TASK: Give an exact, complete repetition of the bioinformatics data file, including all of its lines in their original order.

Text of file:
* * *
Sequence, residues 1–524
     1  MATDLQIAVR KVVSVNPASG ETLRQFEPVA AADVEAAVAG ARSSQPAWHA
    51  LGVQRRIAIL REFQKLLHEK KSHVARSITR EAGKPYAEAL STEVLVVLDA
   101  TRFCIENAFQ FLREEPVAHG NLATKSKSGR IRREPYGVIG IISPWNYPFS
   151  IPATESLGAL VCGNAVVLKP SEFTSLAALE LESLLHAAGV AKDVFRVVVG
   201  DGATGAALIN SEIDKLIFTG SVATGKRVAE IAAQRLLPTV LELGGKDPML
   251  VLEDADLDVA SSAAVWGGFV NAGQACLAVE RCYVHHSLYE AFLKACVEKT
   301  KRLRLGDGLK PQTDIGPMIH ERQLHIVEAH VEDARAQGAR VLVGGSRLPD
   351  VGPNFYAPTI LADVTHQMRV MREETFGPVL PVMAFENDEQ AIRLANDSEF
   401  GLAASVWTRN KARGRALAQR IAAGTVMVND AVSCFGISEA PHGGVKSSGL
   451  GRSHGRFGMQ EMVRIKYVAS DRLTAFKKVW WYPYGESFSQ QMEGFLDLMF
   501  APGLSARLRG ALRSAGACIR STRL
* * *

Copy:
Sequence, residues 1–524
     1  MATDLQIAVR KVVSVNPASG ETLRQFEPVA AADVEAAVAG ARSSQPAWHA
    51  LGVQRRIAIL REFQKLLHEK KSHVARSITR EAGKPYAEAL STEVLVVLDA
   101  TRFCIENAFQ FLREEPVAHG NLATKSKSGR IRREPYGVIG IISPWNYPFS
   151  IPATESLGAL VCGNAVVLKP SEFTSLAALE LESLLHAAGV AKDVFRVVVG
   201  DGATGAALIN SEIDKLIFTG SVATGKRVAE IAAQRLLPTV LELGGKDPML
   251  VLEDADLDVA SSAAVWGGFV NAGQACLAVE RCYVHHSLYE AFLKACVEKT
   301  KRLRLGDGLK PQTDIGPMIH ERQLHIVEAH VEDARAQGAR VLVGGSRLPD
   351  VGPNFYAPTI LADVTHQMRV MREETFGPVL PVMAFENDEQ AIRLANDSEF
   401  GLAASVWTRN KARGRALAQR IAAGTVMVND AVSCFGISEA PHGGVKSSGL
   451  GRSHGRFGMQ EMVRIKYVAS DRLTAFKKVW WYPYGESFSQ QMEGFLDLMF
   501  APGLSARLRG ALRSAGACIR STRL